10 3. Financing an advanced degree Doctoral candidates have a variety of ways of funding their studies including scholarships, fellowships, research and teaching assistantships, loans, personal savings, support from an employer and employment earnings. The options available to a given student in a particular program at a particular institution will vary depending on a variety of factors. Scholarships or fellowships awarded by some organizations, such as provincial, territorial, national or international granting bodies are often partially or completely transportable, meaning that they are not tied to a particular institution. Scholarships and fellowships awarded by universities are normally tied to that institution, as are research or teaching assistantships. The availability of these types of financial support is also often closely linked to particular fields of study. The mix of funding sources used by an individual student will thus depend on a range of factors including program and institution of study, existing personal savings, the availability of scholarships, fellowships, and assistantships, the student s eligibility for them, the student s willingness and ability to accrue debt and whether or not the student has access to other sources of funds such as personal or family savings. On average, doctoral graduates reported using funds from four sources to finance their graduate studies. There was little variation in the average number of sources used by graduates across the various fields of study. Universities provided support to over half of all doctoral graduates The university at which the graduate had studied played a large role in providing funding to graduates: the two most frequently reported sources of financial support were provided directly by the institution. Teaching assistantships provided by the institution were the most frequently reported source of funds (64% of graduates said that they had received this type of financial support), followed by a fellowship or scholarship from the institution (reported by 58% of graduates). Between 30 and 40 per cent of graduates cited personal savings, provincial or territorial fellowship/scholarships, personal earnings, family savings and earnings, research assistantships granted by the institution, and loans as sources of financial support. Of course, the monetary value of any source of financial support can vary widely. To understand the relative importance of the various sources of support, respondents were asked to indicate, from all the sources they reported, which source they considered the primary source, and which, if any, they considered the secondary source. 10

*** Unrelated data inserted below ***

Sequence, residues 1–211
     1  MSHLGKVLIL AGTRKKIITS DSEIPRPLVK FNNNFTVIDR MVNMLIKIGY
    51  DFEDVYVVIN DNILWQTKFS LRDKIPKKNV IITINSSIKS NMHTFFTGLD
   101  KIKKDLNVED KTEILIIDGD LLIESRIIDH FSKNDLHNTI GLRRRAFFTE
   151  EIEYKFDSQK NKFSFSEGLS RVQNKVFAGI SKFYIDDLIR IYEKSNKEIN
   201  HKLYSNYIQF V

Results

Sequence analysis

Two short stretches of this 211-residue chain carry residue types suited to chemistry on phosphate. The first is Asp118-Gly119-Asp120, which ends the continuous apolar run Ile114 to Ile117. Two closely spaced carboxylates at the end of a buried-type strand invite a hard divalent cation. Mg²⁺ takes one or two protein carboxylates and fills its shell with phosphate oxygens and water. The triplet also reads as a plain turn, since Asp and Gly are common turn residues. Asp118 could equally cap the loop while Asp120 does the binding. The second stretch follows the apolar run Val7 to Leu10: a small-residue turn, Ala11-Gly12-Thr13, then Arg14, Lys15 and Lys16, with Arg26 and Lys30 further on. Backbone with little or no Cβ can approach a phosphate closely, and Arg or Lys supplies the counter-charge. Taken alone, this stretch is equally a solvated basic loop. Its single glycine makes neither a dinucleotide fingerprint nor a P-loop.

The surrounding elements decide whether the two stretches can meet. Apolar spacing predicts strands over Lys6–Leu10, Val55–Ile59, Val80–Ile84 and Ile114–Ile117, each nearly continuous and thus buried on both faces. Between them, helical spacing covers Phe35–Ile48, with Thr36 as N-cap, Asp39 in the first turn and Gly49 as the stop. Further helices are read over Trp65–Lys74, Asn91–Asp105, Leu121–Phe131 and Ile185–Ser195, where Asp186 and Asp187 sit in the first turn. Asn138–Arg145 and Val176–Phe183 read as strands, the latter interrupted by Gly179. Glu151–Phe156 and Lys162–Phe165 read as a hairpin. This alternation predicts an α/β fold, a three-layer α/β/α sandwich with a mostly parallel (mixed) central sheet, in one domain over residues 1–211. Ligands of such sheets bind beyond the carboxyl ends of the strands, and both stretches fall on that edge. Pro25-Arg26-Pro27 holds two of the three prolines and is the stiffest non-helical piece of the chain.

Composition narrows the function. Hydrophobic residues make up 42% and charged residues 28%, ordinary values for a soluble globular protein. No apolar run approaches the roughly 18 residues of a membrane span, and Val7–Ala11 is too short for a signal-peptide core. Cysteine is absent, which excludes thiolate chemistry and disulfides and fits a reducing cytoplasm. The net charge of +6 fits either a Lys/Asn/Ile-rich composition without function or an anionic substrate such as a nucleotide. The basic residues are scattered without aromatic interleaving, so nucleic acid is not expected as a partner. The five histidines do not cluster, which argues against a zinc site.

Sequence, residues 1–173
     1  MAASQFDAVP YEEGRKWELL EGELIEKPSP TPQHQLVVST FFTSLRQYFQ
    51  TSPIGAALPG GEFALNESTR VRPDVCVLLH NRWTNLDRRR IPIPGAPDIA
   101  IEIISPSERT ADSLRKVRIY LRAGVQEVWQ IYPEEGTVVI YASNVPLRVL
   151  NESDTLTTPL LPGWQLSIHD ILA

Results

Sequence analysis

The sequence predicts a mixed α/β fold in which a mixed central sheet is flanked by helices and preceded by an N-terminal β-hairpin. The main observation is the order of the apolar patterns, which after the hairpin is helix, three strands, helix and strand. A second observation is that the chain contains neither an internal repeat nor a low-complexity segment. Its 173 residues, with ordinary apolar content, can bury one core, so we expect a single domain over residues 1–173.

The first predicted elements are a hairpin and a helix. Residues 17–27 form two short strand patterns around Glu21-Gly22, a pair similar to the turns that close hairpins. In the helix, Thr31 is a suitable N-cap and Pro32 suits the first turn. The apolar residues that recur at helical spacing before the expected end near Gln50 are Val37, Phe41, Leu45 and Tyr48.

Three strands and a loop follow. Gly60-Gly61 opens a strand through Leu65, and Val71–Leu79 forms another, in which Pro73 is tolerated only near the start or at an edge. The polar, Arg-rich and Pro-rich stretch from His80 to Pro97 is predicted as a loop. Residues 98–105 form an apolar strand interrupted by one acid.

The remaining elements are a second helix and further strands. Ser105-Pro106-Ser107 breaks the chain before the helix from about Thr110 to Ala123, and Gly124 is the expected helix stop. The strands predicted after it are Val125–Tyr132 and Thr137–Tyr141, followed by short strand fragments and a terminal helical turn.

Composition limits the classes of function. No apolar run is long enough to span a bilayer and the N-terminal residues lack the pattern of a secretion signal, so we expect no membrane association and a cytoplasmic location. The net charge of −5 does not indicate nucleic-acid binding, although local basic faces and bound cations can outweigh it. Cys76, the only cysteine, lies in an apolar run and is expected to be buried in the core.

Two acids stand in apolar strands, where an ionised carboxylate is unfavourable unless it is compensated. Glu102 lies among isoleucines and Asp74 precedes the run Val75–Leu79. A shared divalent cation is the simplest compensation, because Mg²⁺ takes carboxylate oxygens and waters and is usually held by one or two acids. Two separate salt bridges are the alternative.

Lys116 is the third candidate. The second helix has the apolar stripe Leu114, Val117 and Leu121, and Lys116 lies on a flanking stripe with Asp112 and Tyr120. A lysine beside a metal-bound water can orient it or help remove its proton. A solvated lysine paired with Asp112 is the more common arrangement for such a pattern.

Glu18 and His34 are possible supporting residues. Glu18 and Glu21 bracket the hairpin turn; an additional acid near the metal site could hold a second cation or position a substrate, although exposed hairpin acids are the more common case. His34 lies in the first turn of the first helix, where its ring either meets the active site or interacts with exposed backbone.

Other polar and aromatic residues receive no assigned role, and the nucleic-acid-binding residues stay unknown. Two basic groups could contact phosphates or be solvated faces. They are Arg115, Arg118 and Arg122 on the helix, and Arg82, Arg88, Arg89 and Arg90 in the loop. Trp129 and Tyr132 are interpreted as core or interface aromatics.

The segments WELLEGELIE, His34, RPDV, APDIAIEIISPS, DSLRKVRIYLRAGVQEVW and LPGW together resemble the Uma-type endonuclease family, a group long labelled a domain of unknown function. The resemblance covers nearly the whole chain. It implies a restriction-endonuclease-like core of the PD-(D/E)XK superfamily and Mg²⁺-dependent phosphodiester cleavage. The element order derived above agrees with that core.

11 Fellowships and scholarships were the main source of support for half of all graduates About half (52%) of all graduates indicated that a fellowship/scholarship was their primary source of financial support during their graduate studies, with another 20% indicating that a teaching or research assistantship was their primary source. For the remaining graduates, primary financing came equally from personal earnings (10%), personal savings/family earnings or savings (10%) or other sources (9%). Graduates were as likely to report that teaching assistantships or research assistantships were their secondary source of financial support as they were to report fellowships and scholarships: each of these two types of support were the secondary source for approximately 30% of graduates. Personal savings/family earnings or savings was the secondary source for approximately 12% of graduates and just over 7% reported personal earnings as their secondary source. Another 7% of graduates did not report a secondary source. While both male and female graduates were equally likely to report that a fellowship or scholarship was their primary source of financial support, a higher proportion of men than women reported an assistantship as a primary source (23% of men versus 16% of women). Conversely, a higher proportion of women than men reported personal/family earnings or savings as primary sources of financial support (25% for women versus 15% for men). Figure 3.1 Primary sources of funding and field of study Proportion (%) Proportion (%) Fellowship or All other scholarship sources Research or teaching assistantship Personal or family earnings or savings Life sciences Social sciences Physical sciences Humanities Engineering All other fields of study There were some significant differences in the primary sources of funding reported by graduates from various fields of study. Fully two-thirds of life sciences graduates reported that fellowships/scholarships were the primary source of funds, 11